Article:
- Prague will begin offering free public transit rides during declared smog emergencies to encourage commuters not to drive on the designated days, according to Prague.tv. Some city employees also will be allowed to work from home.
- The city will launch a public information campaign in February and March on the health effects of smog and reducing activities that can cause smog.
- The free transit initiative is one that was salvaged from a set of anti-smog regulations that failed last year. Prague's last anti-smog regulations passed in 2012.
The anti-smog regulations Prague's leaders tried to pass last year included many different ways to cut down on vehicle emissions, which is cited as the city's largest source of smog. One of the measures in the failed legislation was to limit driving only to vehicles sporting odd- or even-numbered license plates on certain days, a tactic that Paris has tried in the past. Another proposal would have prohibited trucks weighing over six tons from operating on smog emergency days. But a working group nixed the regulations when it determined that the combined measures would have a minimal smog reducing effect and it could cause a transportation network collapse.
Prague has tried other initiatives in the past to encourage people to ditch their cars and use transit on smog emergency days. But this is the first time passengers are being offered incentives like free rides.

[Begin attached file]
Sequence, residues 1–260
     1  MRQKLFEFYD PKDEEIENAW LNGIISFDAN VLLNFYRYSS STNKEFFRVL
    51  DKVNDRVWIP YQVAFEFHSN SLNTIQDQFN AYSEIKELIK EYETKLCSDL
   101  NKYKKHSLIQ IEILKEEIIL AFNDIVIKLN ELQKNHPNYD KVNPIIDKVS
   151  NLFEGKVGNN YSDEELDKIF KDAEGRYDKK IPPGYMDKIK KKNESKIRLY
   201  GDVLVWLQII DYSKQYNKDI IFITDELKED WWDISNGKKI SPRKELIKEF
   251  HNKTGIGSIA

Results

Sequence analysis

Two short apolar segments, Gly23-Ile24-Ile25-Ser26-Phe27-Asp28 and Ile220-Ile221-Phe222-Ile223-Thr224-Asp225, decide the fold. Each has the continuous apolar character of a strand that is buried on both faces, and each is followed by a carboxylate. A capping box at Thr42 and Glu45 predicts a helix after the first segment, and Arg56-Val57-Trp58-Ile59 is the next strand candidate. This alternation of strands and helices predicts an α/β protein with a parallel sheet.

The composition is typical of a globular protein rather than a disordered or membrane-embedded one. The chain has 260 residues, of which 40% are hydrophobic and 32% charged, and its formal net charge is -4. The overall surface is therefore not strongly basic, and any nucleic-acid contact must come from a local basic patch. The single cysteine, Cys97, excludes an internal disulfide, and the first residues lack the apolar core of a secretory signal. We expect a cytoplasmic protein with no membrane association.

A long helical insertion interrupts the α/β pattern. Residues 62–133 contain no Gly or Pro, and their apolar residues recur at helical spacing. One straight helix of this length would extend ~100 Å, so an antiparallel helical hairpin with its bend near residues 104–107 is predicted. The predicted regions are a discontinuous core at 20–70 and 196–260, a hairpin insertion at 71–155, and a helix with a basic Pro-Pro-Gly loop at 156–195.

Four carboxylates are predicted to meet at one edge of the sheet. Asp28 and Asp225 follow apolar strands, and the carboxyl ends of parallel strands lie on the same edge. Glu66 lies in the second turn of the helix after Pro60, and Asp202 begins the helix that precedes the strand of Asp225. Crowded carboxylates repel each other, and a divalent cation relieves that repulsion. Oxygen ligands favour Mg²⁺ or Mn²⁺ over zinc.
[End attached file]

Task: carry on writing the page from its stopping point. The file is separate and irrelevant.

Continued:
Other cities and states have toyed with offering transit incentives to cut down on vehicle emissions, including some in the United States. Utah Governor Gary Herbert's proposed $19 billion budget for FY2020 includes nearly $100 million to improve air quality throughout the state. Some of the funding could go toward free transit on poor air quality days to increase transit use and decrease cars on the road. Utah Transit Authority offered "Fare Free Fridays" in the past and reports that a lack of fare does increase ridership.
Salt Lake City is among the U.S. municipalities that might benefit from this type of smog reduction action. Although unassuming to those not in the know, the city has some of the worst smog in the country due to its inversion weather patterns. The city is surrounded by mountains and inversion traps pollution around it like putting a lid on a bowl, and it doesn't ease up until another weather system blows in, which is usually about four days later but can be weeks.
Like Salt Lake City, Los Angeles is positioned near mountains that affect air flow and exacerbate smog. The city also carries the dubious distinction of being the world's most congested city, further worsening smog. The air quality in Los Angeles is reportedly already improving due to its and California's air quality improvement efforts — last month the state passed a regulation requiring all public transit buses to be zero emission by 2040 — but free transit fare on poor air quality days could be an additional solution.